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Petition the BLM to issue strong fracking rules

Amy Mall

Posted December 4, 2012

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EcoWatch, an online news service in partnership with the Waterkeeper Alliance, has posted an online petition asking the Bureau of Land Management (BLM) to issue strong rules for fracking under federal oil and gas leases, including leasing on both public and private land.

The BLM’s draft rule on fracking is a start and long overdue, but as long as fracking is occurring on public, Indian or split estate lands, the oil and gas industry should be held to the highest standards. The BLM’s rules should be a model for the nation that protects communities and the environment, but the draft rules issued by the agency don't accomplish that, so we hope you will join others in asking for stronger regulations. As we've outlined in previous blog posts, the BLM needs to go farther to protect clean air, drinking water sources, wildlife, and nearby communities from the risks of fracking. Check out our tag blmfrackingrule for more information.

You can sign the petition and add your voice to the call for stronger fracking rules on the EcoWatch website.

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Daniel PartlowDec 5 2012 10:22 AM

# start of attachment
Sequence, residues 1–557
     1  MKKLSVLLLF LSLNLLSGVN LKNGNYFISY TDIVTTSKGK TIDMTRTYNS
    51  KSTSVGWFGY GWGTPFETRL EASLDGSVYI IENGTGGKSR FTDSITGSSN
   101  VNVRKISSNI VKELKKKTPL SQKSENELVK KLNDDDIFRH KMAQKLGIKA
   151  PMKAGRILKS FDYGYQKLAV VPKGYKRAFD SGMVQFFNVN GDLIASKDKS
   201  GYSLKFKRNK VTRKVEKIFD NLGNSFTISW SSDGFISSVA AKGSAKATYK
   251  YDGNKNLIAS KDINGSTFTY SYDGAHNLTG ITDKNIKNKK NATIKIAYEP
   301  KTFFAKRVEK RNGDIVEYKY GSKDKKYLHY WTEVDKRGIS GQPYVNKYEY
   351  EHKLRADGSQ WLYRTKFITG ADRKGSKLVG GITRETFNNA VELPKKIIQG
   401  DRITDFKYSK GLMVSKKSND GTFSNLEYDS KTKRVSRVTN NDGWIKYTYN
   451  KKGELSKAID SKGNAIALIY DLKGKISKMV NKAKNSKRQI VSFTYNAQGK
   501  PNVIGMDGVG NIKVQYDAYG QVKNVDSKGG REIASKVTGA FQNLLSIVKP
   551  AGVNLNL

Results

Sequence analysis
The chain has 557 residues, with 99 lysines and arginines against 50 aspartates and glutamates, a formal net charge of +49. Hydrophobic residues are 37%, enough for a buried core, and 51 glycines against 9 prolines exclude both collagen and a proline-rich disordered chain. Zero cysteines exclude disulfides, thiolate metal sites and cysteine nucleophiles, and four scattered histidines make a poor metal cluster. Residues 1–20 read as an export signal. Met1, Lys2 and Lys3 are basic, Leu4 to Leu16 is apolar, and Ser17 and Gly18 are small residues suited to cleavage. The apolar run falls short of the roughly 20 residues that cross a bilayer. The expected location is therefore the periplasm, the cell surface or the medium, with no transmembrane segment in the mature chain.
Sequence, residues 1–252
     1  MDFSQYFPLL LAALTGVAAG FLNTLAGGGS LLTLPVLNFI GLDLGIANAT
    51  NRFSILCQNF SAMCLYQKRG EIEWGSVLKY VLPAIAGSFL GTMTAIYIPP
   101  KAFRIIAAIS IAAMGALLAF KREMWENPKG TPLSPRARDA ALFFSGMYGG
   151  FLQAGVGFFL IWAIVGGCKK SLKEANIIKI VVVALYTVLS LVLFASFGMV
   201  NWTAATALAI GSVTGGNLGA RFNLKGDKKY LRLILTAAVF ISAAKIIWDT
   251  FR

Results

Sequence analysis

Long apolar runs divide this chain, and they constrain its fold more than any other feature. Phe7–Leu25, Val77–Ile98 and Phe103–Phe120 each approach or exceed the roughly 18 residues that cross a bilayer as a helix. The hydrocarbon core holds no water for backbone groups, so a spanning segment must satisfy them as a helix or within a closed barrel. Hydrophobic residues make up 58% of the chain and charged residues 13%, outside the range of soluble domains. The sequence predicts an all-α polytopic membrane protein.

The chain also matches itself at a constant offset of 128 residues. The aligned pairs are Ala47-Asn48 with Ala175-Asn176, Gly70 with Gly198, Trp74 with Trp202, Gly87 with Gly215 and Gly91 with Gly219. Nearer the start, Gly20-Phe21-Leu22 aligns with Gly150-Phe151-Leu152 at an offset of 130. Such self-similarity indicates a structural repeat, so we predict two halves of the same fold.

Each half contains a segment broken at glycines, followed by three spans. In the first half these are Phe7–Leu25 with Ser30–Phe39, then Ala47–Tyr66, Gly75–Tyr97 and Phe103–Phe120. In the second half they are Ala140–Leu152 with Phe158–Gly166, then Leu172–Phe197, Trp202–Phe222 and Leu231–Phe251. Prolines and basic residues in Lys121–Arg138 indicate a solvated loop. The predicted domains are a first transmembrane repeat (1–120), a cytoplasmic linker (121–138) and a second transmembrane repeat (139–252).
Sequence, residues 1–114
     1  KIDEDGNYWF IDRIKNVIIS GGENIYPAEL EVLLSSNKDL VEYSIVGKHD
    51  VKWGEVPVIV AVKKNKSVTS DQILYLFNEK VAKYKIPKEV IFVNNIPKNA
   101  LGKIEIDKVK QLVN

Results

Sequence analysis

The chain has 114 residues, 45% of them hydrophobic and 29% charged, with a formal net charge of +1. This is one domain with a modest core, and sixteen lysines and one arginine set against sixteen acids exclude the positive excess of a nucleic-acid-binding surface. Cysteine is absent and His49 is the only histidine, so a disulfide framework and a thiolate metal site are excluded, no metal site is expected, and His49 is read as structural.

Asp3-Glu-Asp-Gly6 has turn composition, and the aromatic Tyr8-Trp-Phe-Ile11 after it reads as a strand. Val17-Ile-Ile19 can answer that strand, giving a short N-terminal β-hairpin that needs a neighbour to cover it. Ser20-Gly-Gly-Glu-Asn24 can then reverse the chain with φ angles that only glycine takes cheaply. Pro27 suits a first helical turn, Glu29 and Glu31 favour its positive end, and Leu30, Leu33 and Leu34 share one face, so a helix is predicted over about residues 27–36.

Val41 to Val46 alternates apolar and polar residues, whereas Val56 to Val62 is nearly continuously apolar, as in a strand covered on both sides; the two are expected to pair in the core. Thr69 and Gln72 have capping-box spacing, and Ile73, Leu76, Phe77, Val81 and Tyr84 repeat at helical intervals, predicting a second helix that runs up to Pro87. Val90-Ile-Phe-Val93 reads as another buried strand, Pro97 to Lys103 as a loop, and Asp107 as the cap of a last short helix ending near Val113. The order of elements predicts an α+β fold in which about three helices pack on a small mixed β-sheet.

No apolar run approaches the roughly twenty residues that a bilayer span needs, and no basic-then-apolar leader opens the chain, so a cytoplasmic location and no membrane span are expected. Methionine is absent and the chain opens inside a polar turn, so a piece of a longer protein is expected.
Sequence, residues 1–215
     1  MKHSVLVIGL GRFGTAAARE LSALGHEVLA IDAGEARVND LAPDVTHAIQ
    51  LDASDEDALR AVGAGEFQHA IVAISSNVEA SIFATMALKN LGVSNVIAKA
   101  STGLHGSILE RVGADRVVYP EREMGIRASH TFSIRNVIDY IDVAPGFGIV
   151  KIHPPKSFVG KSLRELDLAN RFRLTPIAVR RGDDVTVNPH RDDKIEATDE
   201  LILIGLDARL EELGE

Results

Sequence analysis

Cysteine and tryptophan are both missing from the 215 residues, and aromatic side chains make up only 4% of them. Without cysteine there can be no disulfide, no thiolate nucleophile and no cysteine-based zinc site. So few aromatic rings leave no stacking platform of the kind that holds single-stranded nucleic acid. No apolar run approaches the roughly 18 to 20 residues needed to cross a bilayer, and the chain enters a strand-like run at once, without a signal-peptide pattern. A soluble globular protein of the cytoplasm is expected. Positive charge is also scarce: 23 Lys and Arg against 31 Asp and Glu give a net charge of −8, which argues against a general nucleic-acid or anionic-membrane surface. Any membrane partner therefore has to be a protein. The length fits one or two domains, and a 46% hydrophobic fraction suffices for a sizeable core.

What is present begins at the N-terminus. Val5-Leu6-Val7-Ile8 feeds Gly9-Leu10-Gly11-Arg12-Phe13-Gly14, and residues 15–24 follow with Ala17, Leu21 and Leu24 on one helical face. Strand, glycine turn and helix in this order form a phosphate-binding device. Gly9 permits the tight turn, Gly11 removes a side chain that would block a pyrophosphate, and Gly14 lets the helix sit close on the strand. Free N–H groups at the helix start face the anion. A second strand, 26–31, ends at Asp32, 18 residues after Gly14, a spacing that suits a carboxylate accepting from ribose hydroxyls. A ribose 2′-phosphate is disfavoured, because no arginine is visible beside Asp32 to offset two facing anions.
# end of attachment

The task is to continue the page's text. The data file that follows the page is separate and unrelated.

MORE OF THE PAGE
We're destroying our planet and tainting everything with this stupid fracking. Please stop poisoning our world!!!!

Richard ZanderDec 7 2012 11:23 AM

The attack on fracing is totally disingenuous. This process has been occurring for 50+ years. Thousands of wells have been fracked in that time period. No evidence of ground water contamination has been presented in 50+ years.

When a well is drilled, fresh water aquifers are protected by steel surface casing which is cemented into place. Whether the wells are drilled on private, state or federal minerals, inspectors are present to insure the steel casing is cemented into place. This occurs when the cement covers the annulus(the space between the steel pipe and the drilled rock formations) from the base of the steel casing to the ground surface. This surface casing may be 1000 feet in length, it just depends on how deep the fresh water zones go. Typically they occur at 500 feet or less.

Oil and gas production zones are usually 5,000 to 15,000 feet below the freshwater zones. The interval is made up of rock. The potential production zone, 5000 to 15000 feet below the surface is where the fracing occurs.

A production casing is also cemented into place so there can be no communication (movement of fluids up the annulus of the well bore. There is no way fracing activities will affect the freshwater zones. Before you begin attacking a process, you need to learn the details of how the process works.

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